According to the Sacramento Bee, Sacramento U.S. District Judge David F. Levi said that Romo had pulled off “a large fraud scheme” and told him, “This was not a momentary lapse in judgment. There is something deeper in your character that allowed you to be grossly dishonest in the business world.”
Romo’s Sycamore Ventures owned raw land in an undeveloped area. The project flopped. “As best as can be determined, the $350,000 investment…is a total loss,” said Campbell’s lawyers in the arbitration.
I also asked A. Kipp Williams, the attorney for Kevin Williams, some questions about the matter. How did Kevin Williams get to know Romo? Kipp Williams didn’t know. Did Kevin Williams do his due diligence on Romo’s criminal background? “I can’t tell you that,” said Kipp Williams, who accused me of representing one of Campbell’s attorneys, Milove, and hung up the phone. I called back and Kipp Williams said he couldn’t answer most questions because of attorney-client privilege, but he did say that Campbell “didn’t understand the documents” in the short sale and that she had not opened Kevin Williams’s statements for six months.
Kevin Williams had given her a private placement memorandum and explained the risks to her, claimed Kipp Williams. She doesn’t do her homework, he said. I then asked why the arbitration panel had come down so hard on Kevin Williams. The arbitration guidelines “are very skewed toward the investor,” said Kipp Williams. There has been no decision whether to appeal, he said.
Kipp Williams’s assertion that arbitrations are skewed in favor of investors will get a strenuous argument in many quarters. For example, a nonprofit group called Project on Government Oversight told Congress in February that “FINRA’s track record…is typical of financial self-regulators that have a cozy relationship with the industry they are supposed to be regulating.” Self-regulators “have effectively been asleep at the wheel during all of the major securities scandals dating back to the 1980s,” said the oversight group to Congress, citing the Bear Stearns, Lehman Brothers, Merrill Lynch, and Bernard Madoff debacles that went undetected for years.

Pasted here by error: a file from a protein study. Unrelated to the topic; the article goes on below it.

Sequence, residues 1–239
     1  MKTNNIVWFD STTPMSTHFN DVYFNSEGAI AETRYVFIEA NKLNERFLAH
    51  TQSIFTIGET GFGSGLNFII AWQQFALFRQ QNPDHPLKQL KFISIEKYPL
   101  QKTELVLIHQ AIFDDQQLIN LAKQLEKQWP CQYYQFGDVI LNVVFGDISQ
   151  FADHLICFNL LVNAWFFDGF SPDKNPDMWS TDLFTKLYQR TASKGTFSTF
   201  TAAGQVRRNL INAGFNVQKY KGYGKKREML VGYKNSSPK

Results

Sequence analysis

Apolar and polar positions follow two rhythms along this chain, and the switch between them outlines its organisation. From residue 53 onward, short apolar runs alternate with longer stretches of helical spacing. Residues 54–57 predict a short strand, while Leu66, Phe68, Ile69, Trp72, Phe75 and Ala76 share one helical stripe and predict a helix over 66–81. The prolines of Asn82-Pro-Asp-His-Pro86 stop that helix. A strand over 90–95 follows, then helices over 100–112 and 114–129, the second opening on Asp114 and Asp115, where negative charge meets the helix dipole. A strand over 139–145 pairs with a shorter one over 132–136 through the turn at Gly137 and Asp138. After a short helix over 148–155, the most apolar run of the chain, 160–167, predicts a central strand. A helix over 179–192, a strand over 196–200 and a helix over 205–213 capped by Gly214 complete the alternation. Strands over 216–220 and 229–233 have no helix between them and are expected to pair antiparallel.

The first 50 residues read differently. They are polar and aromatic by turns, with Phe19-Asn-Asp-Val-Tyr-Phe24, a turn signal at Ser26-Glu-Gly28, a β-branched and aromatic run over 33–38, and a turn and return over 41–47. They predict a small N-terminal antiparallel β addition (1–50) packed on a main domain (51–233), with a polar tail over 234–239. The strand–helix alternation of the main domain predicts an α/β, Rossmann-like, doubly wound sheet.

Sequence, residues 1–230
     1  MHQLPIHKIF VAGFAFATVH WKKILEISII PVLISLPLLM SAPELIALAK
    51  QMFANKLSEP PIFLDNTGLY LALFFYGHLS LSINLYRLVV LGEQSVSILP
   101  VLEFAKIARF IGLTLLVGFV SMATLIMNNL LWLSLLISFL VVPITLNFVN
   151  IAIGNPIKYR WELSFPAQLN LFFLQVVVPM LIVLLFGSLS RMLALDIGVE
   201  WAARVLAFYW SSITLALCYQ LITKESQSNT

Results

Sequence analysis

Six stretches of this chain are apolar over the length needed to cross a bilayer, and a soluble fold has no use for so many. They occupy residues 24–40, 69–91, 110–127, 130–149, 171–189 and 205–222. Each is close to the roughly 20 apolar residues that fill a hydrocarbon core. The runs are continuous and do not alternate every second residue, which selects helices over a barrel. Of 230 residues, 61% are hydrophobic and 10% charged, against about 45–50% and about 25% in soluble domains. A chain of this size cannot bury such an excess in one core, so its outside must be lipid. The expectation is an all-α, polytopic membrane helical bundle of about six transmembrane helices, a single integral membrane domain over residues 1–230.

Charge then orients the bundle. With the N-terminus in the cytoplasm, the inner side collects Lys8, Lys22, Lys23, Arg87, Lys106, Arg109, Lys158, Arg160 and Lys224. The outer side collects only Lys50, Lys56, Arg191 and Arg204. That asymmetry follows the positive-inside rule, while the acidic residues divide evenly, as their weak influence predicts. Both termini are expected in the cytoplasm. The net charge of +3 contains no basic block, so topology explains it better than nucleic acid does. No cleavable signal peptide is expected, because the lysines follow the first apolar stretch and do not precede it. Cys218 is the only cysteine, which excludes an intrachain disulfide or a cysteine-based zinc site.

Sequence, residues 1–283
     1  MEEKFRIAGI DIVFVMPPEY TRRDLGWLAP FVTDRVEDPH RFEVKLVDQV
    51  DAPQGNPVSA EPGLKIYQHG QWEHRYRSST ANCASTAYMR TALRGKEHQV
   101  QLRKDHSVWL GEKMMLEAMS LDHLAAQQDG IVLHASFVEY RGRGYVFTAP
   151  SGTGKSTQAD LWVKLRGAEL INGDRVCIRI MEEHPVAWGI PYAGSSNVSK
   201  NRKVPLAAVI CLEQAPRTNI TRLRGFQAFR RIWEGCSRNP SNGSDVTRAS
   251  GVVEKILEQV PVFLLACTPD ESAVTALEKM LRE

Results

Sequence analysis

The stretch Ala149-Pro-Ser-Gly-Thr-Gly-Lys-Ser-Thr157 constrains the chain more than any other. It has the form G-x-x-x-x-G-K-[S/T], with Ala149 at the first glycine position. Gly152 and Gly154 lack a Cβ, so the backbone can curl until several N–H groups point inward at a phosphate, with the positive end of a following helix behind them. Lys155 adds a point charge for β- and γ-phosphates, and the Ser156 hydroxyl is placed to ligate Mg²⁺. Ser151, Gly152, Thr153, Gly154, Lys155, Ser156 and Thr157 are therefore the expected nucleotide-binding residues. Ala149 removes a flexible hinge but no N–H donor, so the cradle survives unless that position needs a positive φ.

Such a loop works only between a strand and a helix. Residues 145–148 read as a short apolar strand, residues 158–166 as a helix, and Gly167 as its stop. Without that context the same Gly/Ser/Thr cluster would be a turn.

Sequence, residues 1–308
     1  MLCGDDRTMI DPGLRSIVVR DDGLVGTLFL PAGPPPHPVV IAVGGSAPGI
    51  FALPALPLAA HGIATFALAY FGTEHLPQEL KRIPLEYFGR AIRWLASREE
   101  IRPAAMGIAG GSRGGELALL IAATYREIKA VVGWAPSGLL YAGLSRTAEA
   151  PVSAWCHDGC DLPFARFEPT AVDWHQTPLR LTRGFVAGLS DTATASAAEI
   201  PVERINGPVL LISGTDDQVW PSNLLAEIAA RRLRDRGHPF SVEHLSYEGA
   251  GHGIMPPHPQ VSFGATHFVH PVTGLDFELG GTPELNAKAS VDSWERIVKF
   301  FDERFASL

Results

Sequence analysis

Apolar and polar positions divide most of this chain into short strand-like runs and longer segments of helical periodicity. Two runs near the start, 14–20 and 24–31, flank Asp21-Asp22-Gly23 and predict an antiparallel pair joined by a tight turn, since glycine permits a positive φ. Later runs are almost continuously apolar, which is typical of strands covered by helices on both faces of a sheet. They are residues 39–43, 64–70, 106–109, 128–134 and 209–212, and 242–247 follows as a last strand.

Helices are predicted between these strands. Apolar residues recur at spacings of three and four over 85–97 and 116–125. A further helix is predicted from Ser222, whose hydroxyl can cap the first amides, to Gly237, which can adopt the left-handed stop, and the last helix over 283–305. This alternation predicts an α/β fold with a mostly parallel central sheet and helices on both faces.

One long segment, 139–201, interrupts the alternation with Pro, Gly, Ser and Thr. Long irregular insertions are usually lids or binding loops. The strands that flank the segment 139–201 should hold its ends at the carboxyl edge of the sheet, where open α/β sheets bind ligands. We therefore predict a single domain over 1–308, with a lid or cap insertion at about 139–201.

Guillen was not a part of the arbitration process because he does not belong to the Financial Industry Regulatory Authority. So Campbell and her lawyers are suing him in superior court, alleging securities fraud, illegal securities sales by an unlicensed broker, negligence, breach of fiduciary duty, and other transgressions.
I asked Stilwell about these charges. There has been no decision how to respond to the charges, says Stilwell. “Mr. Guillen is adamant that the allegations made in Ms. Campbell’s complaint are completely false and bordering on frivolous,” says Stilwell.
But the arbitration panel came down extremely hard on Kevin Williams, charging him with “taking undue advantage of an older, retired, financially unsophisticated, and financially limited client,” as well as placing his own needs and interests above those of his client and using “deceit and misleading and reckless behavior” in the process.
Kevin Williams and his companies must pay $397,000 to Campbell, plus $75,000 in punitive damages and $165,000 in legal fees.
“This is another chapter in the annals of Scam Diego,” says Milove. “Moral depravity is increasing.” Bandits “are emboldened by the lack of enforcement of securities laws by regulators and courts over the last ten years.”